For additional insight into the Stanley Cup Playoff series between the St. Louis Blues and Chicago Blackhawks, NHL.com has enlisted the help of former NHL coach Craig Ramsay to break down the action. Ramsay will be checking in throughout the series.
Ramsay played in more than 1,000 NHL games with the Buffalo Sabres before going on to coach the Sabres, Philadelphia Flyers and Atlanta Thrashers. In the 2000 Stanley Cup Playoffs, he led the Flyers to the seventh game of the Eastern Conference Final. Ramsay was most recently an assistant coach with the Florida Panthers.
ST. LOUIS -- Patrick Kane's breakaway goal late in the first period Thursday fell 105 seconds short of being the winning goal for the Chicago Blackhawks in Game 1 of their Western Conference First Round series.
Patrick Sharp's breakaway late in the second overtime would have ended the game had St. Louis Blues goalie Ryan Miller not stepped up with a big save.
Both breakaways were a result of well-executed stretch passes by the Blackhawks, who have had that play in their repertoire since becoming an annual Stanley Cup contender. They like to use it as a way to catch their opponent off guard to create a grade-A scoring chance, most often on a breakaway.
Longtime NHL coach Craig Ramsay said the Blues, despite holding a 1-0 lead in the best-of-7 series heading into Game 2 on Saturday (3 p.m. ET, NBC, CBC, RDS), must figure out a way to better guard against the Blackhawks' stretch pass or they might be burned by it again.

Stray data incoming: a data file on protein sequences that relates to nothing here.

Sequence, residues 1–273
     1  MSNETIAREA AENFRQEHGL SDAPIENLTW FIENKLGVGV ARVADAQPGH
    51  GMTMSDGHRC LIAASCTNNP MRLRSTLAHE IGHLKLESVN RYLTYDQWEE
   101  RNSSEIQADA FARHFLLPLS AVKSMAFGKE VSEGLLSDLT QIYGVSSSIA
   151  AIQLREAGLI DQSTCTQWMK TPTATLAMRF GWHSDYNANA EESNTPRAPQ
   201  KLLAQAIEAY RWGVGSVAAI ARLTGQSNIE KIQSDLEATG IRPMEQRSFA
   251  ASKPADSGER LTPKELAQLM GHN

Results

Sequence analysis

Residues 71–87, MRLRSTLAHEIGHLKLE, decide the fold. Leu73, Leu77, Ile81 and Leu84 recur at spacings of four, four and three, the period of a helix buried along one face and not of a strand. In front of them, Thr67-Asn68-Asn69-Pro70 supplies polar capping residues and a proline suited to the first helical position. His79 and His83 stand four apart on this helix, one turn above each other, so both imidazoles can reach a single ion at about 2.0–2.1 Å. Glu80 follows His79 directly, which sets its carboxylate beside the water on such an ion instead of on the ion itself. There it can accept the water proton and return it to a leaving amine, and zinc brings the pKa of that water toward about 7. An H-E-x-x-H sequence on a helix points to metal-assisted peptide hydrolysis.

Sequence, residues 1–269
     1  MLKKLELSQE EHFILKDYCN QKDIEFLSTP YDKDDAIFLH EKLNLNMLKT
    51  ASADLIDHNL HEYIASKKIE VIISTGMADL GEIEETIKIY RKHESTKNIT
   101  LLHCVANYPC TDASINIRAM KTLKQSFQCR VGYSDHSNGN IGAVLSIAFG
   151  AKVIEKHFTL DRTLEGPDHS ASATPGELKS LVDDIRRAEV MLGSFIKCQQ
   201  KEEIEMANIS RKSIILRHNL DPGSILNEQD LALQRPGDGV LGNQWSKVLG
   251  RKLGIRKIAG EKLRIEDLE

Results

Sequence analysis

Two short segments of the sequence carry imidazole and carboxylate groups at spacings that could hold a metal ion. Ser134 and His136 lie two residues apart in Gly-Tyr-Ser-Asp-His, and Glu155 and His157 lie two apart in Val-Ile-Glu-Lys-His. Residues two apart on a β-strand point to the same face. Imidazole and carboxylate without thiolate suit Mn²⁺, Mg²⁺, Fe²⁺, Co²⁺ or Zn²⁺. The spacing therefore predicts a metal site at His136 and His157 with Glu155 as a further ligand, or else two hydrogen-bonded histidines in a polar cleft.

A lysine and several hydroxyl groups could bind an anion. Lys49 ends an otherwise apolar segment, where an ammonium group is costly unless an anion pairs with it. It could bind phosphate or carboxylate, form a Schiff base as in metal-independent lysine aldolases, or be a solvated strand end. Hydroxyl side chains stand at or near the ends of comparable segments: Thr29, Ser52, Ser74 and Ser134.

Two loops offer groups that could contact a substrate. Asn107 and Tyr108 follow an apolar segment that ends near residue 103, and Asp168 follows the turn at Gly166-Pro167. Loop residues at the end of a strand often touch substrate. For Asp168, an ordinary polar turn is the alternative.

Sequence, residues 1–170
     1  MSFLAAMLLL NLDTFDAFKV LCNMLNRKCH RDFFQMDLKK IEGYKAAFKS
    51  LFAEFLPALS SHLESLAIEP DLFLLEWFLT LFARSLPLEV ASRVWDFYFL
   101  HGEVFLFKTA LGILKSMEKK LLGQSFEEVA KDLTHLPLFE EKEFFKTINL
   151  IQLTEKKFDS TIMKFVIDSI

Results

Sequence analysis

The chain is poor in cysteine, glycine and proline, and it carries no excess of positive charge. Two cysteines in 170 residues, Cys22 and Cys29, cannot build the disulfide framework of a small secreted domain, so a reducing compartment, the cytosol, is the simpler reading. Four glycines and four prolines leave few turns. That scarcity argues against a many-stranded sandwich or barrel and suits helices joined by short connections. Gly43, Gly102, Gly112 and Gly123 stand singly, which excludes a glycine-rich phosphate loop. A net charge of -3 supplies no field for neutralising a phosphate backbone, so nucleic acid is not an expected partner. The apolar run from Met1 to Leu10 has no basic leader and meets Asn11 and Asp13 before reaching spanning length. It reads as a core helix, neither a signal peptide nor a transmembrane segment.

"They're going to have to figure out who is going to pick up that stretch guy," Ramsay said.
Ramsay said the Blues can figure it out, but it requires a systematic shift by their defensemen and a quick read by their high forward in the attacking zone.
He said the Blues need to designate one defenseman to pick up the Blackhawks' high forward, the player who might blow the zone quickly in anticipation of the stretch pass. But in doing so, the Blues need one of their forwards to come up higher as a way to protect the defenseman who isn't guarding against the stretch pass, or else he'll be vulnerable to giving up an odd-man rush the other way.
"You don't want to get three guys down low because your third guy, if you run him high, allows the two guys to run a cycle and then they can find that third man for a shot, or they can use their defense and allow them to shoot," Ramsay said. "If Chicago tries to stretch and one 'D' leaves, you're always going to have a backup guy to help the second defenseman if he hangs in and tries to help with the cycle and forecheck.
"What it is, is one 'D' has to pick up the stretch and one forward has to be in good position to back up the other 'D' and help out on any other kind of rushes coming back."
Ramsay said too often in Game 1 he saw both Blues defensemen giving up position on the attacking blue line and dropping back into the neutral zone. He thought it was a result of the Blues panicking after Kane scored on his breakaway, which gave Chicago a 3-2 lead at 18:24 of the first period.
While sitting back may have reduced Chicago's chances of executing the stretch pass, it also reduced the Blues chances of sustaining pressure via the cycle because they were outnumbered three to four. Ramsay said playing safe like that will burn the Blues in the series, so instead they just need to have a safety net to guard against the stretch pass, but one that won't cancel their cycle game.
"If you play too safe and you back up with both defensemen, now you're playing three against four in the offensive zone and you're going to lose, especially against Chicago's defense because it's so good and quick," Ramsay said. "St. Louis has to walk a fine line, but if you're going to beat good teams, and Chicago is that, then you're going to have to try to win and not just play safe."